The Pac-12 proved to be one of the deepest conferences during the 2012 season. While several teams, such as Colorado and Utah, resided at the bottom of the standings throughout the year, seven teams were nationally ranked at some point in during the season. Oregon and Stanford remained the powerhouses atop the conference leaderboards, and UCLA and Oregon State shocked the nation with their outstanding seasons.
Much of this success can be attributed to the solid coaching in the Pac-12 from top to bottom. However, three coaches have set themselves aside over the past year as the cream of the crop.
It’s hard to include someone on this list who has yet to stand on the sidelines as head coach during a game. However, Oregon’s Mark Helfrich has played a key role in Oregon’s offensive success over the last couple of years. Though Chip Kelly is now in the NFL, Helfrich has the talent and intelligence as a coach to keep things running smoothly in Eugene.
Another coach that deserves some credit is Rich Rodriguez. Rodriguez took over as head coach of the Arizona Wildcats in 2012, and subsequently turned Matt Scott into an intriguing NFL prospect and Ka’Deem Carey into the nation’s leading rusher. He’ll have to improve on his defensive gameplan in 2013, but Arizona’s offense should remain elite under Rodriguez.
No. 3: Mike Riley, Oregon State
Riley is known around the Pac-12 as a terrific coach and an all-around great guy. The Corvallis native has coached the Oregon State Beavers for 13 years now, the longest current run in the conference.
Over that time, Riley has put some outstanding squads on the field, and in recent years has helped to churn out some quality production from elite NFL prospects such as Jacquizz Rodgers, Jordan Poyer, and Scott Crichton.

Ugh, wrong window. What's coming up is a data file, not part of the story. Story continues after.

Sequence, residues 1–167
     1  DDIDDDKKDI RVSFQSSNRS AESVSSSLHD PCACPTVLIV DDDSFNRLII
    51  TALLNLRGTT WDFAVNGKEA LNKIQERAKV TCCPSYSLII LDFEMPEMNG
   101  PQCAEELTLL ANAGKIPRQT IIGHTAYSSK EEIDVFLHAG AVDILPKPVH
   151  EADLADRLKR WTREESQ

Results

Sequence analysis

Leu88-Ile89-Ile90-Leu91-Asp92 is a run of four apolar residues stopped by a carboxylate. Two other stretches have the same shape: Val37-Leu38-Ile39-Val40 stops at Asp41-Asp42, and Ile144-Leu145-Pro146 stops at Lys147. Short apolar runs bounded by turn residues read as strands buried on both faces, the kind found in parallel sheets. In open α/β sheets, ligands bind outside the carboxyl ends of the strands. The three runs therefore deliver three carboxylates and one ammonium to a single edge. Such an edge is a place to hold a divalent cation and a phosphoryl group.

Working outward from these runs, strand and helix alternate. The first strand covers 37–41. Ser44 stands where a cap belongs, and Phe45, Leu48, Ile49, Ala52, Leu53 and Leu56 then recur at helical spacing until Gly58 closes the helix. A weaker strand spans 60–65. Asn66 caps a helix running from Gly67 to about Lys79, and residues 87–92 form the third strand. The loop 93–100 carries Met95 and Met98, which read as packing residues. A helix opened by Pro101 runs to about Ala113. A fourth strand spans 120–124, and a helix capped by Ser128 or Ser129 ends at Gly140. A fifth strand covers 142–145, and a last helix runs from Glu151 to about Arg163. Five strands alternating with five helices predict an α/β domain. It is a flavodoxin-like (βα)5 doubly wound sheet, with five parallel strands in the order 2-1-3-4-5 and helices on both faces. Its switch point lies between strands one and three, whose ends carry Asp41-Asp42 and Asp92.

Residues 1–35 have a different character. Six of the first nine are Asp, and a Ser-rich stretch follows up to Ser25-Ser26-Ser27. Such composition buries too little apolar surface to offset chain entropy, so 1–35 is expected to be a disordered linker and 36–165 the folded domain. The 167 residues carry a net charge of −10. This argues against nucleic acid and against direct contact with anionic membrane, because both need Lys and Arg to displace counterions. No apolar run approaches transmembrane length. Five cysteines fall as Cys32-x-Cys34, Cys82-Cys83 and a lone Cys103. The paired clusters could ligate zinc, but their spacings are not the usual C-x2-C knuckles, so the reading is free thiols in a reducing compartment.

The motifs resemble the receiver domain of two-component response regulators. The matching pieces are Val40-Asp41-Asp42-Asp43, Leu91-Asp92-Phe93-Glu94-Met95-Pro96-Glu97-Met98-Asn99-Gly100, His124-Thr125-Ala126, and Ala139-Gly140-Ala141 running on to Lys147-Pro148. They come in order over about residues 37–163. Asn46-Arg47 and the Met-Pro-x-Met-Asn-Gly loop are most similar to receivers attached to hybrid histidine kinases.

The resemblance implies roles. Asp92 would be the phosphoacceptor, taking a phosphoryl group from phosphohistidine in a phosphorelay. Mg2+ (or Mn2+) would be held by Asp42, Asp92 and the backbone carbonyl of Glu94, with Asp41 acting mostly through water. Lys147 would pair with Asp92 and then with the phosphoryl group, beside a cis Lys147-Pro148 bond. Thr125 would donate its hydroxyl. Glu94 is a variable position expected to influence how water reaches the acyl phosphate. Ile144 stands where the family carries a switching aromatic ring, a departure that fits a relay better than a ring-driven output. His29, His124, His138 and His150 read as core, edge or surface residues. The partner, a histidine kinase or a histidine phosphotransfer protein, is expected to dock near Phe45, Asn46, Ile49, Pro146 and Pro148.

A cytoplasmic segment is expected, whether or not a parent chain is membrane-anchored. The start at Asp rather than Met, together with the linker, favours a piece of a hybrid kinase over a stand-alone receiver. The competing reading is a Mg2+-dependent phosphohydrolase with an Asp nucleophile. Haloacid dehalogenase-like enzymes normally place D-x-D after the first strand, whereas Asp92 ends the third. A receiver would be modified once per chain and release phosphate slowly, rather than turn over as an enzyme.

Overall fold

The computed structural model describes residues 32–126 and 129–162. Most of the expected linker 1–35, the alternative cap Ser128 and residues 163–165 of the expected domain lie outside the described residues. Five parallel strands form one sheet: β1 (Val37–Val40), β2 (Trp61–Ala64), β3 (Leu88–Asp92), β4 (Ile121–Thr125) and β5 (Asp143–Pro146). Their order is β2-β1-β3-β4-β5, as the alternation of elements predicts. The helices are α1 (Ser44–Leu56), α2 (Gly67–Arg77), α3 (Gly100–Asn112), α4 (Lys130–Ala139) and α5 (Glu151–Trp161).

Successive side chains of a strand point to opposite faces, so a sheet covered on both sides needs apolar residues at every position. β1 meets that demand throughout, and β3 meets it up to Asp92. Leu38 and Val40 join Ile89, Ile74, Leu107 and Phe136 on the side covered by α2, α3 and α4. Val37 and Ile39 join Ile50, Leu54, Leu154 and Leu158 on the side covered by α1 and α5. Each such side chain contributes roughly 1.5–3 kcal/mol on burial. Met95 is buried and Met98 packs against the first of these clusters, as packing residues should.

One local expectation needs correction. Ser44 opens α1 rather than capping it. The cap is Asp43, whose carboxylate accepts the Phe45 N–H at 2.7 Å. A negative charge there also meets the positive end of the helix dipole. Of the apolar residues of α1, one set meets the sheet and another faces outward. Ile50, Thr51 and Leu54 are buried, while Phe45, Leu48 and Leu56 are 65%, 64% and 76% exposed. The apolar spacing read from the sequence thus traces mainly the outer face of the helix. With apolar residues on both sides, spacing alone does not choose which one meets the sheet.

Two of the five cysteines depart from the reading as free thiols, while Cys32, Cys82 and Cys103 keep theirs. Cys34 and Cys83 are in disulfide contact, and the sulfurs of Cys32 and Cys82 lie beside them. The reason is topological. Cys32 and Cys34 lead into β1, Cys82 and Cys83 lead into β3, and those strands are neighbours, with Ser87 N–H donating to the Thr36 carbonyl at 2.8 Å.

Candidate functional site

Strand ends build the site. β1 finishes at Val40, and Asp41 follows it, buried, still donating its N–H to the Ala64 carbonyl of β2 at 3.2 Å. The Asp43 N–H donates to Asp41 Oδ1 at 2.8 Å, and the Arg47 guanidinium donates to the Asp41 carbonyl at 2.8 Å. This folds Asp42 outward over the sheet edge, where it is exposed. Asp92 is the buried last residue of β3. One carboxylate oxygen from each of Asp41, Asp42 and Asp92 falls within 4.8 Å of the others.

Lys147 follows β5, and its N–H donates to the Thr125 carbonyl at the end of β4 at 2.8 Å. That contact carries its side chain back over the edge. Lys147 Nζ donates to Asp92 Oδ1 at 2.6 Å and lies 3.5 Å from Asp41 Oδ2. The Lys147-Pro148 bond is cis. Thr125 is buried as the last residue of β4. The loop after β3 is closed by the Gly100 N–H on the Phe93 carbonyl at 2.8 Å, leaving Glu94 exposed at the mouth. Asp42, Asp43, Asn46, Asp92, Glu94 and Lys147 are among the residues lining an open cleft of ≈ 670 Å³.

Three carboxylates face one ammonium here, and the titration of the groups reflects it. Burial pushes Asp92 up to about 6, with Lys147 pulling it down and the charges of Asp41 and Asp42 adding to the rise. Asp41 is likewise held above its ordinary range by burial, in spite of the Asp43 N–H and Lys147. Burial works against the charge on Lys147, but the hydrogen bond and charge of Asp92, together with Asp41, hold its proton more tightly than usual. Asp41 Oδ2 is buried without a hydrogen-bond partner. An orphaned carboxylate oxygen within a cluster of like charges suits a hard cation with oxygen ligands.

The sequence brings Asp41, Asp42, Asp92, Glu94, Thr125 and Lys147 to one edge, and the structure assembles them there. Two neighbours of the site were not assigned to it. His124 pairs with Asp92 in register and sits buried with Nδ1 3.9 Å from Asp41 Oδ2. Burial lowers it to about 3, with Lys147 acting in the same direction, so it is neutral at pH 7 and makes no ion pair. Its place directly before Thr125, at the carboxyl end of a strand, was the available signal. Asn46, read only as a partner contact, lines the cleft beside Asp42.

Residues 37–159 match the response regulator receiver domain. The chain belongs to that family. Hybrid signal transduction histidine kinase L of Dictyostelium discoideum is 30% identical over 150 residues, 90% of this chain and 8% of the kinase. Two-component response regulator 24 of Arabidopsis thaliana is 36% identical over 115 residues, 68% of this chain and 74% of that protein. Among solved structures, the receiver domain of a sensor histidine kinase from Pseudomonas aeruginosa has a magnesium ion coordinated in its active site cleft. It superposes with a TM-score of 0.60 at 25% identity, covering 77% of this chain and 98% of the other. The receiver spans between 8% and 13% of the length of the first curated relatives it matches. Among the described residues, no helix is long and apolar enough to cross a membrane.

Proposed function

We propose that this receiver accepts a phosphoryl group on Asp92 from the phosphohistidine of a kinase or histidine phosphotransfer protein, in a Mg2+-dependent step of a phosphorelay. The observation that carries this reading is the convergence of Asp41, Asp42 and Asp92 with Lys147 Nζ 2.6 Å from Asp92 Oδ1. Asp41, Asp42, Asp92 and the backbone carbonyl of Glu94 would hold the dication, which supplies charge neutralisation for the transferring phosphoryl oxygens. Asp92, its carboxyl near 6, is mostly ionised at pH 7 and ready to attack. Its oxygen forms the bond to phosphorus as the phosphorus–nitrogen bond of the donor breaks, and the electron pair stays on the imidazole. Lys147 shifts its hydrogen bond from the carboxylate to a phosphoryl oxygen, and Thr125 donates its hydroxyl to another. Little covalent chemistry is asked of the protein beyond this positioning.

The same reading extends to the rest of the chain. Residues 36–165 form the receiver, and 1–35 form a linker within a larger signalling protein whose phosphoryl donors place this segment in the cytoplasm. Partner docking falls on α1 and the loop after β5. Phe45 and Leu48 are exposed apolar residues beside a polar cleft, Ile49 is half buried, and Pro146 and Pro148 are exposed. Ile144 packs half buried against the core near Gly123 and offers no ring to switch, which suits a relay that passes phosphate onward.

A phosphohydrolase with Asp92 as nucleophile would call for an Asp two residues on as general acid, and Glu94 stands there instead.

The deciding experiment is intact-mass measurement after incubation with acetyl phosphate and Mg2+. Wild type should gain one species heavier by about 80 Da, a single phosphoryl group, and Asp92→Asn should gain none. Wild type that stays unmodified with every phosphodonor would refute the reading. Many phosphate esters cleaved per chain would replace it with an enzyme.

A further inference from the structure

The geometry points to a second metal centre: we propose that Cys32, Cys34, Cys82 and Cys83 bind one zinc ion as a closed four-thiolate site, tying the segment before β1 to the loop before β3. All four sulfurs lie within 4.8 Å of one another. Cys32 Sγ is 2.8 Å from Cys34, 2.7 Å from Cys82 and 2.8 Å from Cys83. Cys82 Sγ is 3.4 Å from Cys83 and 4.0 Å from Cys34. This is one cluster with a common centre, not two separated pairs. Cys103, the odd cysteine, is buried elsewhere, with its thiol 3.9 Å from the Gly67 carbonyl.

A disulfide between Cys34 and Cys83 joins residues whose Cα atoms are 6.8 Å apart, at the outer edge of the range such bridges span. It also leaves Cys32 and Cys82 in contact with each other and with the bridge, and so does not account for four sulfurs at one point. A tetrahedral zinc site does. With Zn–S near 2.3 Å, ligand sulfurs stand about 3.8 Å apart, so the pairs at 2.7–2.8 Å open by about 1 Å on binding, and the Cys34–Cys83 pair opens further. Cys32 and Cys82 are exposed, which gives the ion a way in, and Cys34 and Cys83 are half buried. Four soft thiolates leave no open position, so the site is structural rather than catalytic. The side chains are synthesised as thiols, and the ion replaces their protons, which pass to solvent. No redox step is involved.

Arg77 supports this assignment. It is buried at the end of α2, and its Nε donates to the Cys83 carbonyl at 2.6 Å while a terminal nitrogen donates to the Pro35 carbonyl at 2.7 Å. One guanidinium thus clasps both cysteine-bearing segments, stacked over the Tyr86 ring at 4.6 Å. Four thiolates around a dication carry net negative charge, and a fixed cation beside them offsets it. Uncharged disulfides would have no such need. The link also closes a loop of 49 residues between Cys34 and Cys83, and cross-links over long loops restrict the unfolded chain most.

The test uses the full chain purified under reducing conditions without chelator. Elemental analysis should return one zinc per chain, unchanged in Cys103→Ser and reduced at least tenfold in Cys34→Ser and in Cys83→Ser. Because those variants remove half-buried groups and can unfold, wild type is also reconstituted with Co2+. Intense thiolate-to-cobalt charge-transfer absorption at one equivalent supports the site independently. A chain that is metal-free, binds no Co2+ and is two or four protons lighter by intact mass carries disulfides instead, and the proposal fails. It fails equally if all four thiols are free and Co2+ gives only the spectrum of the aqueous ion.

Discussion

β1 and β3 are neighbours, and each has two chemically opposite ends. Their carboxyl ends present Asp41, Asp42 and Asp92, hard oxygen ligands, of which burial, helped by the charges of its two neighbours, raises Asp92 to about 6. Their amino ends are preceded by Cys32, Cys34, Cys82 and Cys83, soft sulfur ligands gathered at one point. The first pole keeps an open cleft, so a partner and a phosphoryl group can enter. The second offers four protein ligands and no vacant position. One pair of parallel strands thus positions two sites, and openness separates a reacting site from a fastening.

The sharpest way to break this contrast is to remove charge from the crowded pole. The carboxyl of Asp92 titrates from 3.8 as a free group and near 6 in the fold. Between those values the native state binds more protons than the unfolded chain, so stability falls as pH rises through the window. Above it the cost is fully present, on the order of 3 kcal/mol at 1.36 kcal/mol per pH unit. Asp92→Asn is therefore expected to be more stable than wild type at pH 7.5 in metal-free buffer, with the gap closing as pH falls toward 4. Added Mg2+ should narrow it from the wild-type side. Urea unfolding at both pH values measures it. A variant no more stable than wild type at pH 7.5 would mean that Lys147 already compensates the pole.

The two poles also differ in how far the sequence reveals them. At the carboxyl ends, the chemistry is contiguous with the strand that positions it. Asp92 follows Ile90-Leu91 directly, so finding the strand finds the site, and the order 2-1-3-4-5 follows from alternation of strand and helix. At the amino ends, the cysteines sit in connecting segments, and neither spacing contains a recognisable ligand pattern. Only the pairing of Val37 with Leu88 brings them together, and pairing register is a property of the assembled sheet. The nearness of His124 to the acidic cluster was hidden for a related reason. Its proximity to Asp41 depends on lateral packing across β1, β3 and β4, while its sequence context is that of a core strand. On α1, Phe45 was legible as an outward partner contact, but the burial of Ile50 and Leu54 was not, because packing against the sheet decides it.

Riley surprised everyone in 2012, as an early win over a ranked Wisconsin team indicated that the Beavers had regained national relevance after back-to-back seasons of mediocrity. Expect to see Oregon State continue that success in 2013 under the longest tenured coach in the Pac-12.
No. 2: Jim Mora Jr., UCLA
Pac-12 fans love to see a guy like Mora join the conference. A former NFL coach that has had success on all levels will always help to improve the image of the conference as a whole.
UCLA, like Oregon State, surprised the college football world with the emergence of freshman stud quarterback Brett Hundley taking the reigns and playing in the Pac-12 championship game.
Though the season ended on a low note with a big loss to Baylor, Mora turned UCLA into one of the most potent teams in the West. He will have to replace running back Jonathan Franklin, but Mora proved in 2012 that he has the talent as a coach to keep churning out wins.
No. 1: David Shaw, Stanford
The number one spot on this list goes to Stanford’s David Shaw. Two seasons ago, when Jim Harbaugh left Palo
Alto to coach the San Francisco 49ers, everyone thought that the Cardinal were going to fall off of the table under their new head coach.
Shaw led that team to an 11-2 record and a Fiesta Bowl appearance. Last season, Pac-12 fans once again assumed that the same type of drop-off would occur, especially considering the loss of Andrew Luck and three additional early-round NFL draft picks.
Once again, however, Shaw surprised everyone. His brilliant coaching led the Cardinal to a Pac-12 championship and a Rose Bowl win in 2012, perhaps his best move being the insertion of Kevin Hogan at quarterback midway through the season.
There is plenty of talent on the sidelines as well as on the playing field in the Pac-12, to be sure. However, these three coaches have set themselves apart over the past couple of seasons, and proven themselves to be the top coaches in the conference, especially after the departure of Chip Kelly.